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“Lunar Eclipse Watching”, “Strolling Downhill with Sisyphus”, and “Devouring Eggs on Half Moon Island, Antarctica”

By Rosemary Dunn Moeller

Lunar Eclipse Watching

Watching the snow-colored disk by its own light,

I smiled back, waiting for the dimming as our earth’s

penumbral shadow touched the widest part: a threat.

Then began the light browning of snow-whiteness, as moon

appeared to go westward, the earth’s umbra moving faster.

Overtaking her.

Light brown turned reddish-rose then fully blood red.

My mind knew the pattern but deep in my consciousness

a few cells shivered, unsure. My ancient need

to predict disaster from signs awoke, then rested.

Flowing from bright red to iron rust, dried blood to darkness.

I breathed.

Just another inevitable menopause, signifying nothing more

than an end to fertility. Nothing I miss. Nothing I want.

I am a mother freed of this bodily chore.

Watching the eventual lightening from darkness

to dirt brown, blood-red, to pink, until a fire,

diamond-white on the side, signifies regeneration.

As I moved on from menopause, a new woman, under moon-glow.


Strolling Downhill with Sisyphus

By Rosemary Dunn Moeller

I interviewed Sisyphus, three-thousand-

year-old King of Corinth, eternal slave

to gods and their unforgiving rage, like

Sisyphus was a king. Nasty, in an eternal

way that looks like fate, but it’s just politics.

I started at the base with him, my questions on iPad,

and his boulder, to learn what wisdom he’d share.

Sisyphus was speechless. His task was everything.

Half-way up he stopped, leaning royally against rock,

and interviewed me, I think. “Do you notice we’re turning?

The smoothness of the trail? Have you been watching me?”

I looked back down the zig-zag across and up the mountain

we’d traveled, the path wide and smooth. “I like to push

towards the right, widening and smoothing the trail, not

grooving and gouging into the mountain, keeping it balanced,

my creation after all. You’re not asking the right questions.”

He turned, pushing the boulder but never sweating, uphill,

ignoring my interruptions. I imagined a descriptive interview

maybe being accepted. I’d failed to do enough homework.

Finally, the summit, less than a breath, down rolled the boulder

and I cried for Sisyphus, knowing what a murdering, vicious,

brute he was as a mortal; but, an eternal example of wasted time.

He kicked a clod off the peak down the other side, took my hand.

“Now we talk. I’m patron of slaves and servants, assembly-line

knick-knack and souvenir makers of the useless, pre-broken,

garbage. Low-wage, low-educated, unempowered workers.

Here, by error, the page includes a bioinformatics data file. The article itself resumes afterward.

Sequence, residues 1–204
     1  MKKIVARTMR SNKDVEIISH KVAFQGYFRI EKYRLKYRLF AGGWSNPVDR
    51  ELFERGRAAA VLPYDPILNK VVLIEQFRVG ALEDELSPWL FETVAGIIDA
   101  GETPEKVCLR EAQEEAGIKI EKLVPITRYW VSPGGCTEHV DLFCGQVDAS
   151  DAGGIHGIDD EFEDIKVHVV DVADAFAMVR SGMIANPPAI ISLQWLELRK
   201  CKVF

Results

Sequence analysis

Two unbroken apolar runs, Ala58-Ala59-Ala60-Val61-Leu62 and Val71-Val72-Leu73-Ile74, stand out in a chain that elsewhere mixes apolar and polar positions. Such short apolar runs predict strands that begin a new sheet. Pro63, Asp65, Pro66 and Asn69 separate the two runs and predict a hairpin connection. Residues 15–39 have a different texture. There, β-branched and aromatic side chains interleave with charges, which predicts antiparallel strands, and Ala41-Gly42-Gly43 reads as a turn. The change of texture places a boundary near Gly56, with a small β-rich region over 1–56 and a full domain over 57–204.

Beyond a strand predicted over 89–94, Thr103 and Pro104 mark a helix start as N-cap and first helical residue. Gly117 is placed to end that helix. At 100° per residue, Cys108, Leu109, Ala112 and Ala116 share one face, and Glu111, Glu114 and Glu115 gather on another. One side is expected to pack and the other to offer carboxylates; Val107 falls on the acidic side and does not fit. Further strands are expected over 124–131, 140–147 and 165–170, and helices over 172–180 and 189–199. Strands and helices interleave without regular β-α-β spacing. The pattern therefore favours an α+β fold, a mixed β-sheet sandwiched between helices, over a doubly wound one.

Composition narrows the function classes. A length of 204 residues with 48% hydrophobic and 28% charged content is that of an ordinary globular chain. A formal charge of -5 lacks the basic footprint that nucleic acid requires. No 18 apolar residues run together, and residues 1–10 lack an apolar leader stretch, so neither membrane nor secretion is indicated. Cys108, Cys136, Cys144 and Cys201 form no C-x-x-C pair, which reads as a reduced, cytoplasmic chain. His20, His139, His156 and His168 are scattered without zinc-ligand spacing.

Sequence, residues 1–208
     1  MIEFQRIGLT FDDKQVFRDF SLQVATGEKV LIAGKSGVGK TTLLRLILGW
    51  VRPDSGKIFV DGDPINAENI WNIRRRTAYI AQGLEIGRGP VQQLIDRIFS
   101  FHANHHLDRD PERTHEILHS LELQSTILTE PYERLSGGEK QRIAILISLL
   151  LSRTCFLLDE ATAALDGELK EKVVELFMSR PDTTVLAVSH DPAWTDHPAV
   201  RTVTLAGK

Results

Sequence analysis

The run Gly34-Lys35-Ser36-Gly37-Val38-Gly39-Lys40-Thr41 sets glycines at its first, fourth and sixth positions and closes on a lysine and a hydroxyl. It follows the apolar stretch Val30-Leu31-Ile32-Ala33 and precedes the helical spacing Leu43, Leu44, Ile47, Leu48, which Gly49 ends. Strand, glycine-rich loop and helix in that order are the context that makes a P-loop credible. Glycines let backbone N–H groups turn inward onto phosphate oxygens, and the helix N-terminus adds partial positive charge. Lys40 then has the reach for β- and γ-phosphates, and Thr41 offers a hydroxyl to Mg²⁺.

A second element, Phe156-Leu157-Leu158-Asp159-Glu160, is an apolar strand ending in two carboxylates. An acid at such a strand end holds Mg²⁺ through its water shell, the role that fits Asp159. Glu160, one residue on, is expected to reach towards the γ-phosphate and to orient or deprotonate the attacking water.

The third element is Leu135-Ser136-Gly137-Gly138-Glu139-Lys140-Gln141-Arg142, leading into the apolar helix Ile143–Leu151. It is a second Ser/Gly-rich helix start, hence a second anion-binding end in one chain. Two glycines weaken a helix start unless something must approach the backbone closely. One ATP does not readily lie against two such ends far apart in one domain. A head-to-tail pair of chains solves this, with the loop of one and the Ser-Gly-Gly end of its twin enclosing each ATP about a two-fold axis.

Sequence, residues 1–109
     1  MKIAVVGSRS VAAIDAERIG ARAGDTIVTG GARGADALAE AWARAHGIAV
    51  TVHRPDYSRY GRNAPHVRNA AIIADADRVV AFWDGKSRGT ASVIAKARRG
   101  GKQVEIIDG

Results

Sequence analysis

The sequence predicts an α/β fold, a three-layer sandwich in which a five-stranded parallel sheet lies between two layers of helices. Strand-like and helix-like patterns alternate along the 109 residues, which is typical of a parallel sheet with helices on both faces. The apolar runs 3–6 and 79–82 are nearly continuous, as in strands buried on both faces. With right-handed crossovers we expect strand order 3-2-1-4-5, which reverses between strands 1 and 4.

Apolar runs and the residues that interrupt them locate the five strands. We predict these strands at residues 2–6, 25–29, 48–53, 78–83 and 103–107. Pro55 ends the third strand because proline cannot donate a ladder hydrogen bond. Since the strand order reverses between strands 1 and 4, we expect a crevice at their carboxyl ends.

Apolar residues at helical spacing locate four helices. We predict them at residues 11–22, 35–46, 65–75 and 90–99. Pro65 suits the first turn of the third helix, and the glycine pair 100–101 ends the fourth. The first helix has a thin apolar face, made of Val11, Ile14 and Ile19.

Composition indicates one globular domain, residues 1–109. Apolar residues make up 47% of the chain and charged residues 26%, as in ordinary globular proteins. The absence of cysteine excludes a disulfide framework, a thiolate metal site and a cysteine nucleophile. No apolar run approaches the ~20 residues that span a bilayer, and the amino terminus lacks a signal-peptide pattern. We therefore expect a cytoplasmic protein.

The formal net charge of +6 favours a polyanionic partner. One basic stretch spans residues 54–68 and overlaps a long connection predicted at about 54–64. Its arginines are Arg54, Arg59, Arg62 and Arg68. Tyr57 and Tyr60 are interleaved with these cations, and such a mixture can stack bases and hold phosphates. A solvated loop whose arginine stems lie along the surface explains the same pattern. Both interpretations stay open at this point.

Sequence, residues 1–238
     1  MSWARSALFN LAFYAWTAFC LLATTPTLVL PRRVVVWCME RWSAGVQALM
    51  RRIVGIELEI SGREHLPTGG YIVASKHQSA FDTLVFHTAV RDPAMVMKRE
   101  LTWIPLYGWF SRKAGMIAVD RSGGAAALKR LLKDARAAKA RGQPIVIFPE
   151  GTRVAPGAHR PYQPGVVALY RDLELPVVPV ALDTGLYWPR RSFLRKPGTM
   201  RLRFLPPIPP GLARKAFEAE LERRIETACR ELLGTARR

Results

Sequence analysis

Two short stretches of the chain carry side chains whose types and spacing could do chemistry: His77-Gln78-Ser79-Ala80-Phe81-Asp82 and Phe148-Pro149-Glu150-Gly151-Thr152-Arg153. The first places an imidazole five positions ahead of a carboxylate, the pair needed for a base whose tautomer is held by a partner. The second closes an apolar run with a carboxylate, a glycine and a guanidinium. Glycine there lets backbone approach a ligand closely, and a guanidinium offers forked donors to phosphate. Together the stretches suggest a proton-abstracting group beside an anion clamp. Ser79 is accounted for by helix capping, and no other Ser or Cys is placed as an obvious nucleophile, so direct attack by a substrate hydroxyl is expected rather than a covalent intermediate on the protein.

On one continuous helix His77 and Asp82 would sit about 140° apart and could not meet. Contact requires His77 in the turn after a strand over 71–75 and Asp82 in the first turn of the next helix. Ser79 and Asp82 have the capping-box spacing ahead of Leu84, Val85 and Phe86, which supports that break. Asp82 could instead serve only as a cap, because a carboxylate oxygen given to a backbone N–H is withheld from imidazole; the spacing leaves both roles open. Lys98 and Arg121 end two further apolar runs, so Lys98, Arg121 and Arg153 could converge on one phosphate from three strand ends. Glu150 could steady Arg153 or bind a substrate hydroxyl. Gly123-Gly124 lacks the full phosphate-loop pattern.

Feeling sorry? Write about your sense of unfairness. A waste.

Now we walk.” On this side of his mountain, I saw a delta of trails.

“Look. I don’t sleep. I’ve taken this slope at every time of day,

every season of the year, every climate mirrored on earth. Once

I walked one step a day. Once ran straight down for fun. It’s

glorious, this mountain of mine, and my eternal duty is also to stroll

as I please, however twisted the trails around cedars and olive groves,

with all the flowers and birds, effortless, downhill, easy as water.

My punishment is to appreciate what others won’t,

to be unable to convince the powers of their poverty.”


Devouring Eggs on Half Moon Island, Antarctica

Confused by feelings of dying and feasting,

I regret the loss of a penguin’s egg to need.

Skuas lack formal beauty, docile eyes, the right coloring,

and smash eggs left on ledges for their lunches.

Not evil but opportunistic; skuas feed young, survive

raging Antarctic storms, fight for food. But the fish eating

penguin would have made me laugh and sigh.

I recognize life’s needs for all, but take sides,

not understanding why a smashed egg

eaten by skuas saddens me, why

one pulls me towards resignation,

the other towards revulsion.


About the Author

Rosemary Dunn Moeller has had poems published in Freshwater, Tenth Muse, Scurfpea Anthologies, Aurorean, South Dakota Magazine and many others. She and Lester, her husband, farm half the year in South Dakota and rest half the year on Cape Cod. Both views are of endless waving treeless expanses. They’ve traveled to all seven continents following birds and being driven by their need to explore. Rosemary writes to connect with others who share interests in images and ideas about our natural world. 


Poetry, The River

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